Had Maya Angelou written only two poems –  And Still I Rise  and  Phenomenal Woman – she would have earned her place in the hearts and minds of many for all time.  But she didn’t, she wrote plenty. Nuggets of cascading, rhythmic stories of life, she spoke them in a voice that loped and crooned and glittered with steel, a pliant steel, a steel of deep humanity that cut through the crassness of false difference.

“Human beings are more alike than we are unlike. And let us see that. And not only cherish that, but delight in the differences because differences are superficial, and they should delight us.”
— Maya Angelou to Tim Sebastian of the BBC

A black woman born in the American South in 1928. When her parents divorced she and her brother were sent to Stamps, Arkansas to live with her grandmother. She was three years old. Four years later she returned to her mother in St Louis where she suffered a trauma that caused her to stop speaking for five years. Whilst mute she read voraciously and fell in love with Poe and Shakespeare, she connected with the rhythm and music that can run through words. The poet was born.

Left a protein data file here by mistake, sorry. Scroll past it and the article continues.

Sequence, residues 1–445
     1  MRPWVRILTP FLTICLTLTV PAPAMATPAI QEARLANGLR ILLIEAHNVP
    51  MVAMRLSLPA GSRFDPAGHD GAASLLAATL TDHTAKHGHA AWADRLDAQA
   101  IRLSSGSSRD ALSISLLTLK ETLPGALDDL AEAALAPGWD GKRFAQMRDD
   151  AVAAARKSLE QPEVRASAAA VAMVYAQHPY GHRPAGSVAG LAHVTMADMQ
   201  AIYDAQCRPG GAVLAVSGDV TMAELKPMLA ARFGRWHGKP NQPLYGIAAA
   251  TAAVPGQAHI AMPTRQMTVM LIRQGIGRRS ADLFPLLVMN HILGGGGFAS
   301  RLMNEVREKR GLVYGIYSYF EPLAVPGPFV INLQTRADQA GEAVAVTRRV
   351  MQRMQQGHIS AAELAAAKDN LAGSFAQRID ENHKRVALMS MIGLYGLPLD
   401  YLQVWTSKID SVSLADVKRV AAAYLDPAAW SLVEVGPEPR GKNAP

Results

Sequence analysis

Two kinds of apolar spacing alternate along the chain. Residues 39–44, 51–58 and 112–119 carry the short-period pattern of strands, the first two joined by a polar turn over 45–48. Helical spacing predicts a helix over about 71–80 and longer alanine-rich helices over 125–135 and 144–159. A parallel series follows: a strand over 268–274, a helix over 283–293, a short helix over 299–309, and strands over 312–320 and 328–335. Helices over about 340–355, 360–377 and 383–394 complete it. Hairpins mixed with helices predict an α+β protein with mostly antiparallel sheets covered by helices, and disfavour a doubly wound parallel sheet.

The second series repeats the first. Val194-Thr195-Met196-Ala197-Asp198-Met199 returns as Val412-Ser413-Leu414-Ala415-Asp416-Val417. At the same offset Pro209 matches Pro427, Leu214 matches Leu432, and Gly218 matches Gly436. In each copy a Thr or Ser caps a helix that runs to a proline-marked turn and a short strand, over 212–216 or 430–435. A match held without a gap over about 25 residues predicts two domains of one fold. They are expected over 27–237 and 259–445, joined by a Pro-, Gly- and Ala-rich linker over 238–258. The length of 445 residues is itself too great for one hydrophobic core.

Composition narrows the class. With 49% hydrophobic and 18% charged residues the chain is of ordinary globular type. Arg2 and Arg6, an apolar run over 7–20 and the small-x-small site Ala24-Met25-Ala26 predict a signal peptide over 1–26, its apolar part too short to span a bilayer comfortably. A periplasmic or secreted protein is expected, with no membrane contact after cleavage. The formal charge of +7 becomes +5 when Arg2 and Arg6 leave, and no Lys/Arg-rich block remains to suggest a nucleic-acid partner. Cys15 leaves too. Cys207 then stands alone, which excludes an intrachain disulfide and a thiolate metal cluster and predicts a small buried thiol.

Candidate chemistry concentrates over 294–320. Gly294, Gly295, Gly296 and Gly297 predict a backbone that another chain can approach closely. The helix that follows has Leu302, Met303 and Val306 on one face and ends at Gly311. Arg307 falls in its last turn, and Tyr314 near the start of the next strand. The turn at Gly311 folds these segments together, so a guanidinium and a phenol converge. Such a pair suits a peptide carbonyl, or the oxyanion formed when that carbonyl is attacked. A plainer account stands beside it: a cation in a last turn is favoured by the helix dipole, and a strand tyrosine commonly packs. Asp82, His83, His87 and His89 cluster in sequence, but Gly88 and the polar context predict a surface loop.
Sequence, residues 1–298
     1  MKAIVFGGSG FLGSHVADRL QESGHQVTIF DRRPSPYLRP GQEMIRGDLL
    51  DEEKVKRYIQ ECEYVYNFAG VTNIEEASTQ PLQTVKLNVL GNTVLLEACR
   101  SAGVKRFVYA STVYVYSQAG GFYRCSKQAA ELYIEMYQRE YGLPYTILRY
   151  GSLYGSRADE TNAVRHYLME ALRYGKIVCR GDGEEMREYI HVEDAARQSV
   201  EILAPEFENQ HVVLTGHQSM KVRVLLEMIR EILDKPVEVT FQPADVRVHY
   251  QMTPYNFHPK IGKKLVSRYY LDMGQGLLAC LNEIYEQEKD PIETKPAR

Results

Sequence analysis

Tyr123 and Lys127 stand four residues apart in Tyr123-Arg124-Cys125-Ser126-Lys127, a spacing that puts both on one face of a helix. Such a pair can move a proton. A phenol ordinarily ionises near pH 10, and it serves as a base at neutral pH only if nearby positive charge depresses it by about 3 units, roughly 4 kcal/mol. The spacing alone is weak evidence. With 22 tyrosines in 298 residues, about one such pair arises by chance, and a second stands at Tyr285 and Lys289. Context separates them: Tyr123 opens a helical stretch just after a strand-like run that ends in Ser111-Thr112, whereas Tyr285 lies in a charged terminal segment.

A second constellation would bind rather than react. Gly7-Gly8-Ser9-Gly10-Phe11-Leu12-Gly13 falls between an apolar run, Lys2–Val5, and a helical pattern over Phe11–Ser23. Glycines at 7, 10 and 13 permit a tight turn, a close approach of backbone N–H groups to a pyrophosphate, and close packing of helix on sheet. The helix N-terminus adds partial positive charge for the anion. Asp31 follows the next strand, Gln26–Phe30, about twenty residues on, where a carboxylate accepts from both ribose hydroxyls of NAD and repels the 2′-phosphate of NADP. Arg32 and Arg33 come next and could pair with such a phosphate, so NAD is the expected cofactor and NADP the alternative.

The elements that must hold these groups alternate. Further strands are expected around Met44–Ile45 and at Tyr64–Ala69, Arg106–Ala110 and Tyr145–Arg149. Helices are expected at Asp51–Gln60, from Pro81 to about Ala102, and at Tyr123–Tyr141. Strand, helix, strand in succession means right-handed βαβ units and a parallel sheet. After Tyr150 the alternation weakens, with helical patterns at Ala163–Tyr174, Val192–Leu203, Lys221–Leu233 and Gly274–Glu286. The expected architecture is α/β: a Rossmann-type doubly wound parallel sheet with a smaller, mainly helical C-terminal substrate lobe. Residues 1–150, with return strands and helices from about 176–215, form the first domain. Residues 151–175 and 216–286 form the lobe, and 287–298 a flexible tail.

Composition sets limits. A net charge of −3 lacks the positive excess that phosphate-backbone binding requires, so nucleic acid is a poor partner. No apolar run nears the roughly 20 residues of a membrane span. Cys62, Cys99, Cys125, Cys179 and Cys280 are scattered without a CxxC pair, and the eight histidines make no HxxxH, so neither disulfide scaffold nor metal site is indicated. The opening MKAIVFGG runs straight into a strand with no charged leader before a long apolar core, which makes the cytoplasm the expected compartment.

The power of what Maya Angelou had to say was made alive and vital by the way she spoke it, performed it. Whether reciting poetry – her own and what others had written that she knew by heart – or responding to a question in an interview, she brought tone and cadence to her words, lacing them with spirit. Her sense of self was richly grounded, defiantly sure, open, bold, sensual, unafraid.

Maya Angelou at the Lewisham Theatre in South London 1987